I used to build custom tanks, so I think I can answer your questions. Yes, you can build tanks safely so that they are just as unlikely to leak as a commercial one. However, it does take some skill, so if you are making one for the first time, I recommend starting with something fairly small.
You can make a tank as large as your imagination and budget will allow, but the water pressure it must withstand increase drastically with the size of the tank, and therefore the thickness of glass must increase also. Translation- increased cost and difficulty. As a *general* guideline, I used to use 1/2" thick glass to go up to 24" high, and 3/4" glass to go up to 36" high. Beyond that it varied:-) The biggest I ever built was 10'x3'x6' high, with 2 1/4" thick tempered & laminated front glass that weighed ~2000 lbs! The height is the most critical aspect, but the length of a panel can be an issue as well. I never built anything smaller, as it was cheaper to buy any tank (at wholesale) small enough that 2 guys could carry it than it would have been to buy the glass (at wholesale) to make it. Mark ups on tanks are not huge, so this would apply in most cases for retail as well. Something to think about.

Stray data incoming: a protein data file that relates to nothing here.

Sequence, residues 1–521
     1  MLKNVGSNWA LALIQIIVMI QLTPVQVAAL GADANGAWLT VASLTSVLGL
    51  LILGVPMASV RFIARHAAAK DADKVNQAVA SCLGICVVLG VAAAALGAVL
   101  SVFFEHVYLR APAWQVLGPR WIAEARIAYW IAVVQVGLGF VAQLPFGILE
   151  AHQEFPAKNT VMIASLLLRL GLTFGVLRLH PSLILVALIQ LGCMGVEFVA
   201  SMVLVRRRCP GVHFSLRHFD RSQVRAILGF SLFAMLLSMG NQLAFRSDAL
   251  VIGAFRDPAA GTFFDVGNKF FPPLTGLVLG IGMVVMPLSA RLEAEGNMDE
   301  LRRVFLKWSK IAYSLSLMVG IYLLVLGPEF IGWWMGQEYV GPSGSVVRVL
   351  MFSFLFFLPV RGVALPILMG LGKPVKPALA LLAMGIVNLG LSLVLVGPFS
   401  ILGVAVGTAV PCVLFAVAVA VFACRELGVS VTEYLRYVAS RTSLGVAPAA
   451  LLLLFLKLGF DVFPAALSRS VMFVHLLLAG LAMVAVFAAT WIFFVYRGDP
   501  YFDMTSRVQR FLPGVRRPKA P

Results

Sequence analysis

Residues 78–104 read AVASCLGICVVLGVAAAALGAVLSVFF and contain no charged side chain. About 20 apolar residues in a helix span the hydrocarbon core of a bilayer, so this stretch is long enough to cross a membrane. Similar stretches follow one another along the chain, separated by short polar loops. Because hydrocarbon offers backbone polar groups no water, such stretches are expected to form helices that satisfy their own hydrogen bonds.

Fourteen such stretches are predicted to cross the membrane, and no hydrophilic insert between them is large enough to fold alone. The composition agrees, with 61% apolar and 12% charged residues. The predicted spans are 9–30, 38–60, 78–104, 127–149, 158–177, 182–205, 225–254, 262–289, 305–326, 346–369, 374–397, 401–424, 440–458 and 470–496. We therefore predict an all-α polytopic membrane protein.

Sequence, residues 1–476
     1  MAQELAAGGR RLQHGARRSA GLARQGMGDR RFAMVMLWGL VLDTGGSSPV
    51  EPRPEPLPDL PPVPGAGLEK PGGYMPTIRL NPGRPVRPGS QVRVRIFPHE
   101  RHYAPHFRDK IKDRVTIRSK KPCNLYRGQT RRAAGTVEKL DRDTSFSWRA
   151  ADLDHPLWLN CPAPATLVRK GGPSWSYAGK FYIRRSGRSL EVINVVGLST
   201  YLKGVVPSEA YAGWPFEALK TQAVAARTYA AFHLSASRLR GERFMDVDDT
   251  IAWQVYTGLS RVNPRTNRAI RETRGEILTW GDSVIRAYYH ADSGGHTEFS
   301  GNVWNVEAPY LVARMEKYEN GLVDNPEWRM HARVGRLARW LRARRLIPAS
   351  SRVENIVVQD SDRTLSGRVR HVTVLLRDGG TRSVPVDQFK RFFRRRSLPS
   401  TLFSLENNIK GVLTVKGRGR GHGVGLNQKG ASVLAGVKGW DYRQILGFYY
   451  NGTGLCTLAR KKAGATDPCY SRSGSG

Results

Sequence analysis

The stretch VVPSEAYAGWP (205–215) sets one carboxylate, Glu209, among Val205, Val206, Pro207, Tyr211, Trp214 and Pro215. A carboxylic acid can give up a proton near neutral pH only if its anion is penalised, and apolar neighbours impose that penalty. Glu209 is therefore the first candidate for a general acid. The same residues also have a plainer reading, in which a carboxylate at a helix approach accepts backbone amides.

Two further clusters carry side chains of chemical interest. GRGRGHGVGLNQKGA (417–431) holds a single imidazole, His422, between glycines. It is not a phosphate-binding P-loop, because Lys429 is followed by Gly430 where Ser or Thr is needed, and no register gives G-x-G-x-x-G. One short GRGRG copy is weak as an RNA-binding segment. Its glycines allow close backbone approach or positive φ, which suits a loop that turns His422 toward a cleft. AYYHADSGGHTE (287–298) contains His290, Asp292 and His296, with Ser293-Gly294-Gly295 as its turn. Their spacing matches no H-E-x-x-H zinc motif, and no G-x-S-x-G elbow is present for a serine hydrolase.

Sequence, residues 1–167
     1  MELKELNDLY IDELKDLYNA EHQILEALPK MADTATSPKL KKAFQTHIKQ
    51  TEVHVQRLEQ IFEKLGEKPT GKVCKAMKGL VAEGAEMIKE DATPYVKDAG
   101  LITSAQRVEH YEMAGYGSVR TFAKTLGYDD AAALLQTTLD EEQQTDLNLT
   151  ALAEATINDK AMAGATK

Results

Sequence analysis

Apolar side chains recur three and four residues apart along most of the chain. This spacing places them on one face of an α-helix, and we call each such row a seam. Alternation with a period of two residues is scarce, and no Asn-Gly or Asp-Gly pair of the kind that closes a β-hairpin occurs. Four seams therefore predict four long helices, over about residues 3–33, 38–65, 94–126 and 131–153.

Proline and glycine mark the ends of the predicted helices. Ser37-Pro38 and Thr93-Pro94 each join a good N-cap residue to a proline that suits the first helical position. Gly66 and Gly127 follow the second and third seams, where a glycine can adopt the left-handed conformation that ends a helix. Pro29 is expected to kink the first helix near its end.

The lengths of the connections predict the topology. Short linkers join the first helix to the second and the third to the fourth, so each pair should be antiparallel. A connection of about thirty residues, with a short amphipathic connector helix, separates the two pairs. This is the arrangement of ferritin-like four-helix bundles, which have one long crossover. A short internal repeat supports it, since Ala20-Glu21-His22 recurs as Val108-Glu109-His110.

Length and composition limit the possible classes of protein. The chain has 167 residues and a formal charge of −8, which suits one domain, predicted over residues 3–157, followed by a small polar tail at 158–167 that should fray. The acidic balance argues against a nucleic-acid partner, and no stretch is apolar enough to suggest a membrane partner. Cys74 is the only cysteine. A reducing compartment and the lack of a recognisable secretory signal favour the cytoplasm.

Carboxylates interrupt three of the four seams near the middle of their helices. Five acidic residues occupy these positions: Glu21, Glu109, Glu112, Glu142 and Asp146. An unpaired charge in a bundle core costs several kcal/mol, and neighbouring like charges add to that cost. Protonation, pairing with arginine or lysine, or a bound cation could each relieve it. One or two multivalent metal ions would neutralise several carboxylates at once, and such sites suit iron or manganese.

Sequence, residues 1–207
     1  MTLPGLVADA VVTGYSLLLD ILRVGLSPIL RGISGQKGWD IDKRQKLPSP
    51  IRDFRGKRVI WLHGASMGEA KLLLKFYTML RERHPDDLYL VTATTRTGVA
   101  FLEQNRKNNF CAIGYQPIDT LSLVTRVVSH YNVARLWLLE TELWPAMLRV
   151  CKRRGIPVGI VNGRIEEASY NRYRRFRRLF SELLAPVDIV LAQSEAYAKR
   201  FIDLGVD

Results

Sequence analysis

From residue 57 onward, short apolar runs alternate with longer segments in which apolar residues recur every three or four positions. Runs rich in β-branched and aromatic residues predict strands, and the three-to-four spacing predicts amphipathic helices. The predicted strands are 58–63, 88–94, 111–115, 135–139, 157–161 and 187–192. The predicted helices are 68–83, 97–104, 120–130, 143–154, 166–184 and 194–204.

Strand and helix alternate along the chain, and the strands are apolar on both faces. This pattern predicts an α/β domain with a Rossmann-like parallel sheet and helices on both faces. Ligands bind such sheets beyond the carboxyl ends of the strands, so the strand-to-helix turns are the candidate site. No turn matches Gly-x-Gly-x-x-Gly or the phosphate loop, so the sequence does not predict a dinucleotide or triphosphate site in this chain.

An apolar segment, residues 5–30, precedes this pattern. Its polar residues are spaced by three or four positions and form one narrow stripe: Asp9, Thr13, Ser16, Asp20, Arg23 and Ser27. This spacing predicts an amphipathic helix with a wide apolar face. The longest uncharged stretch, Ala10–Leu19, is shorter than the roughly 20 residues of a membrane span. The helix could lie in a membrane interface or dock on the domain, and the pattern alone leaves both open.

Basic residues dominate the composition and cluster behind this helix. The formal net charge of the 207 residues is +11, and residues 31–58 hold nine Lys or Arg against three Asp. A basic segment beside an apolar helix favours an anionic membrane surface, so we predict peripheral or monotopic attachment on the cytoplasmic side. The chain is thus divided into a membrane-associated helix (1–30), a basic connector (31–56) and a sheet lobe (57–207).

As for silicones- GE makes lots of different silicones. The RTV series (industrial line) is used by aquarium manufacturers. It comes in clear (RTV 108) and black (RTV 103?), and several other colours as well. GE Construction series is essentially the same product (not official tested on fish but not a problem), I believe Construction 1200 is the clear version, but it's been a while. Large commercial aquaria are generally manufactured with Dow 795, which is black, but this is tougher to acquire and not generally used for small tanks. The moral of the story- colour is not the important factor. Black isn't necessarily stronger, weaker, toxic, etc. You do need to use the right silicone for the job, though.
If you have a size/design in mind, post it or email it to me and I can probably give you specific advice.